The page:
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Validation of wearable sensor technology to measure social proximity of young children with autism spectrum disorders


Children with autism spectrum disorders (ASD) struggle to develop appropriate social skills, which can lead to later social rejection, isolation, and mental health concerns. Educators play an important role in supporting and monitoring social skills development for children with ASD, but the tools used by educators are often tedious, lack suitable sensitivity, provide limited information to plan interventions, and are time-consuming. Therefore, we conducted a study to evaluate the use of a sensor system to measure social proximity between three children with ASD and their peers in an inclusive preschool setting. We compared video-coded data with sensor data using point-by-point agreement to measure the accuracy of the sensor system. Results suggest that the sensor system can adequately measure social proximity between children with ASD and their peers. The next steps for sensor system validation are discussed along with clinical and educational implications, limitations, and future research directions. (author abstract)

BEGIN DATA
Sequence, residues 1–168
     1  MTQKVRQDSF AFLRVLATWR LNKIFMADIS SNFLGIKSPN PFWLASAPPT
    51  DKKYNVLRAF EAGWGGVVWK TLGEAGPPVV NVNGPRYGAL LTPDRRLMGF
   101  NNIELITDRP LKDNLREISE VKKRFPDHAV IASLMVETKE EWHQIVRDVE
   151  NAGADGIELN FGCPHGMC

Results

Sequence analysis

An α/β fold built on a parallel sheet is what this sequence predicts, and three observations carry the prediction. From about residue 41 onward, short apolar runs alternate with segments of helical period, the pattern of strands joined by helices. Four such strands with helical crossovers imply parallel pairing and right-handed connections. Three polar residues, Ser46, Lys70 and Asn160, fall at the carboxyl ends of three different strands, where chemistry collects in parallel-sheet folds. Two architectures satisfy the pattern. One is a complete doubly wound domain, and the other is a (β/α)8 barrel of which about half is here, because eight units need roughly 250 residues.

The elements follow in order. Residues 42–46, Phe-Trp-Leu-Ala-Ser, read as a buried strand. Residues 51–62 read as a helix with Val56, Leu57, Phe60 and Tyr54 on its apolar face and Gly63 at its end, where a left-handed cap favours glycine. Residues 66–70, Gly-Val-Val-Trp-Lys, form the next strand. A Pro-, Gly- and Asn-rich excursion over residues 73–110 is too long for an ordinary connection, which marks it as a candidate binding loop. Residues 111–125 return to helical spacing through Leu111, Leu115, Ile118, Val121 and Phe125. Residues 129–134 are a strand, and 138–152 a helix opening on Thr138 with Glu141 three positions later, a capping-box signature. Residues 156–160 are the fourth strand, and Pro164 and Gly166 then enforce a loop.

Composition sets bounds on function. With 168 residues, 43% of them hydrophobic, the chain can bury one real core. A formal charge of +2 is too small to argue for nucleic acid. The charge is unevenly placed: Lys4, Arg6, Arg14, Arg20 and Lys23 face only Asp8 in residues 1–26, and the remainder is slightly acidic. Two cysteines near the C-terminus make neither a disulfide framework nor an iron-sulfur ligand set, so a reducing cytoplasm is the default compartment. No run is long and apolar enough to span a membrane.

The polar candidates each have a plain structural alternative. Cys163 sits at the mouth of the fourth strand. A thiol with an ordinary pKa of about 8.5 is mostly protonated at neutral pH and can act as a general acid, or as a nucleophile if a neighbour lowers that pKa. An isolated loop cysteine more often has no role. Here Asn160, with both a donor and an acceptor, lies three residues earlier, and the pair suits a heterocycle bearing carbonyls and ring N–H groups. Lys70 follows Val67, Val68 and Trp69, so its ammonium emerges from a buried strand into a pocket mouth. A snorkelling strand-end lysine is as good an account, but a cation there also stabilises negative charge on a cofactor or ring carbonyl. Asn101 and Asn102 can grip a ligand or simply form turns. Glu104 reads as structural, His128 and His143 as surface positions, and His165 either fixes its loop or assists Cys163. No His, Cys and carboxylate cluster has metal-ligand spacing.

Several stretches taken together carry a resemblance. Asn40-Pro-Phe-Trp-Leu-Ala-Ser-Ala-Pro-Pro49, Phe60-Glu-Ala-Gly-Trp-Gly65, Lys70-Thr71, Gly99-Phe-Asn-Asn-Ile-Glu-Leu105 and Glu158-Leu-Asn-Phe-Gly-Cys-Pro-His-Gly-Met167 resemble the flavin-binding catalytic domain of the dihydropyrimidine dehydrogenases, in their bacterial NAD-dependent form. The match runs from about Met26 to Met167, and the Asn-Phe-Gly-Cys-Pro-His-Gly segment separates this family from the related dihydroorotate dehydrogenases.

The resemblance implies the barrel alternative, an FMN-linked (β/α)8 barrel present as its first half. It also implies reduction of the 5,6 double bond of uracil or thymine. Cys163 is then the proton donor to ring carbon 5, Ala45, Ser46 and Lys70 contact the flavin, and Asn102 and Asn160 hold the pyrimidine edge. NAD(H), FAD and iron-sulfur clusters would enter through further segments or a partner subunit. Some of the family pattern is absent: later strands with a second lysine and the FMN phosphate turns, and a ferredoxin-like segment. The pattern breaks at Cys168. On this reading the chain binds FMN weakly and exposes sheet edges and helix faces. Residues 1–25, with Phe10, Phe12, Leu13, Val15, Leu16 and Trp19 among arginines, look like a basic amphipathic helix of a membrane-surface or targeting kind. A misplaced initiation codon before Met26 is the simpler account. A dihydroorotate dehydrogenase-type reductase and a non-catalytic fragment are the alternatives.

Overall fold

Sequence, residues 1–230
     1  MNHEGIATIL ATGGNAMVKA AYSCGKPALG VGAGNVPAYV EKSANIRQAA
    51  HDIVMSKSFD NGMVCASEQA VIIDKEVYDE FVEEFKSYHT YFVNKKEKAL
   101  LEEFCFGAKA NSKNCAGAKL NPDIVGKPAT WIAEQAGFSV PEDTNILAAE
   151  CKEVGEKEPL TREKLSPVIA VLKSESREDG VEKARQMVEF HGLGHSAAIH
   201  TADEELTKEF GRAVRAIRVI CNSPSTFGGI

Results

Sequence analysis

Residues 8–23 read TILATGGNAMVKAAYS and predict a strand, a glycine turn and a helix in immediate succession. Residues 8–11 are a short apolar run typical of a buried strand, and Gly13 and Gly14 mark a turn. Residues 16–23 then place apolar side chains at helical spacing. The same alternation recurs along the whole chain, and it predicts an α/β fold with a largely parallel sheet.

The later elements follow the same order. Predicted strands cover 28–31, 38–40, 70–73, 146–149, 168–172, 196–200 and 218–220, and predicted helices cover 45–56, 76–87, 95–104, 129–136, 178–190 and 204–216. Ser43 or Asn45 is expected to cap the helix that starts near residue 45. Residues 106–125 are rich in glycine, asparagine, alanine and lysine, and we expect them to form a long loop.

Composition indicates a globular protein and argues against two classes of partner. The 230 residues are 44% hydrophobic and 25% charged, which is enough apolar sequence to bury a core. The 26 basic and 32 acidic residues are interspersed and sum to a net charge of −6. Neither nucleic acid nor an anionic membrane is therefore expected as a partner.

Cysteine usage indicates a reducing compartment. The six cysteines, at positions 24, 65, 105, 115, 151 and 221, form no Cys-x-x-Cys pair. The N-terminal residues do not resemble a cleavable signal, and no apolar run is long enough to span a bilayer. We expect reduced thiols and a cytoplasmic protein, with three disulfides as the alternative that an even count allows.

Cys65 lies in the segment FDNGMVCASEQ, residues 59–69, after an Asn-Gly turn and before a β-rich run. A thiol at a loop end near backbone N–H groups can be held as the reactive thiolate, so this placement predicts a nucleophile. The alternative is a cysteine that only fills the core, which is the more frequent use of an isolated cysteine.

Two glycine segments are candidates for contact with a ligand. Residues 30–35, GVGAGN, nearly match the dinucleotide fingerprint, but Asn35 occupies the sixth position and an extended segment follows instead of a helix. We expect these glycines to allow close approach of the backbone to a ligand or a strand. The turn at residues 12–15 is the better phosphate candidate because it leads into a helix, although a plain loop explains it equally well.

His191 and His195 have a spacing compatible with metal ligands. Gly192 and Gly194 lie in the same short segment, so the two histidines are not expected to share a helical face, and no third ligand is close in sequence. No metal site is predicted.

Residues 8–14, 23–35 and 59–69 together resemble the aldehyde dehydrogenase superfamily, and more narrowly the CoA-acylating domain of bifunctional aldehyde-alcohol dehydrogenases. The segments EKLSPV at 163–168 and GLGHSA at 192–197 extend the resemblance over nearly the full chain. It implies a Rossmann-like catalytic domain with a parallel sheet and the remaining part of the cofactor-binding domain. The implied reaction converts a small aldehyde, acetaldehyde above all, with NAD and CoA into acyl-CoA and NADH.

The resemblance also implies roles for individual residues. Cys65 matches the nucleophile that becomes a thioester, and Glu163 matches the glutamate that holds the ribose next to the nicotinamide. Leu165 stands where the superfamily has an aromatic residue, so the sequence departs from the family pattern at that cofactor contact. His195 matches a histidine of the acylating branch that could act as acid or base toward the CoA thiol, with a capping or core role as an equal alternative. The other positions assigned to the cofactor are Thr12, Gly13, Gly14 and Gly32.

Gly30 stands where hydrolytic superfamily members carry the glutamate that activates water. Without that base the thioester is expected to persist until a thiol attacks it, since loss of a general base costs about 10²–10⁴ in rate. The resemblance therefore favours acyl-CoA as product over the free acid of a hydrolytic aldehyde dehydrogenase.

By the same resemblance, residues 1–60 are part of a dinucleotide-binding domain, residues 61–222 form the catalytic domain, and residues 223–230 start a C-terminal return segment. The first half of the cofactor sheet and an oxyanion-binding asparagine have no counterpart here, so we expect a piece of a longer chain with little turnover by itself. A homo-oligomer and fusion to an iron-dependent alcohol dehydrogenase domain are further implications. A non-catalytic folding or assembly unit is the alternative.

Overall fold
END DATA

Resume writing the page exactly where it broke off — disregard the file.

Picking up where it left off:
Resource Type:
Reports & Papers
United States

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